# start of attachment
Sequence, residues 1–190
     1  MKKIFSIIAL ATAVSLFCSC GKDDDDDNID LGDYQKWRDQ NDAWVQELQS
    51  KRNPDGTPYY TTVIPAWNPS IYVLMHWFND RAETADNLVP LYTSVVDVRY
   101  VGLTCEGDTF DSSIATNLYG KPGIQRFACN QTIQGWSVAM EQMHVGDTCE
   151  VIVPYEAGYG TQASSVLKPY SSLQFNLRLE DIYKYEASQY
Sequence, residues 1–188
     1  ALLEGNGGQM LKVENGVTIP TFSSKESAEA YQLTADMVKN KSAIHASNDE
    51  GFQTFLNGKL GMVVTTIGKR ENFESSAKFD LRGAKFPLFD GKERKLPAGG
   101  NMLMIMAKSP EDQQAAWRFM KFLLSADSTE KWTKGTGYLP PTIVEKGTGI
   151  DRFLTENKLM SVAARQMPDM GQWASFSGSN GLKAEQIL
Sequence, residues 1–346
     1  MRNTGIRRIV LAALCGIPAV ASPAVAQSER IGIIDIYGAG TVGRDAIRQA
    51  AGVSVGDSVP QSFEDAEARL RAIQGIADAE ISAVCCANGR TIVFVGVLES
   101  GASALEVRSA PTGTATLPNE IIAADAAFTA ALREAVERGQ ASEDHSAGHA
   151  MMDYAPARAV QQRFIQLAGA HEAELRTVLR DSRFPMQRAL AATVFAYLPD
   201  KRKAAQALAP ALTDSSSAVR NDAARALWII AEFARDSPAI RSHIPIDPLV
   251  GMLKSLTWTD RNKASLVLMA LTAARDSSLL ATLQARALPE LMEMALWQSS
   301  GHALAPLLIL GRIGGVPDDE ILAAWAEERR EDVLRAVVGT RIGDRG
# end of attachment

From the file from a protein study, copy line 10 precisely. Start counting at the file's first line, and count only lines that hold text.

   151  DRFLTENKLM SVAARQMPDM GQWASFSGSN GLKAEQIL